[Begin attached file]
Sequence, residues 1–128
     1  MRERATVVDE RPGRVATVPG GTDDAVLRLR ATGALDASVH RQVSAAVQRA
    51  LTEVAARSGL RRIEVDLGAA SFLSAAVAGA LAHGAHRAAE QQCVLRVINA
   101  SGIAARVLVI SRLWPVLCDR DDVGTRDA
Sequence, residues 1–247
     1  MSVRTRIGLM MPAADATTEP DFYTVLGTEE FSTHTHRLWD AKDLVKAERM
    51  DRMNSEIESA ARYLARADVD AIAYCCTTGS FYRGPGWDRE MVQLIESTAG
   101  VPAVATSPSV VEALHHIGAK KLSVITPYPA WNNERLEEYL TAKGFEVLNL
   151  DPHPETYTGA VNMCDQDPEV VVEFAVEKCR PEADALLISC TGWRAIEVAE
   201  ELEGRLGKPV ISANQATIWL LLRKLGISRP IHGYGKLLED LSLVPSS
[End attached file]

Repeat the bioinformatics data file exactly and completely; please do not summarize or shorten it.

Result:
Sequence, residues 1–128
     1  MRERATVVDE RPGRVATVPG GTDDAVLRLR ATGALDASVH RQVSAAVQRA
    51  LTEVAARSGL RRIEVDLGAA SFLSAAVAGA LAHGAHRAAE QQCVLRVINA
   101  SGIAARVLVI SRLWPVLCDR DDVGTRDA
Sequence, residues 1–247
     1  MSVRTRIGLM MPAADATTEP DFYTVLGTEE FSTHTHRLWD AKDLVKAERM
    51  DRMNSEIESA ARYLARADVD AIAYCCTTGS FYRGPGWDRE MVQLIESTAG
   101  VPAVATSPSV VEALHHIGAK KLSVITPYPA WNNERLEEYL TAKGFEVLNL
   151  DPHPETYTGA VNMCDQDPEV VVEFAVEKCR PEADALLISC TGWRAIEVAE
   201  ELEGRLGKPV ISANQATIWL LLRKLGISRP IHGYGKLLED LSLVPSS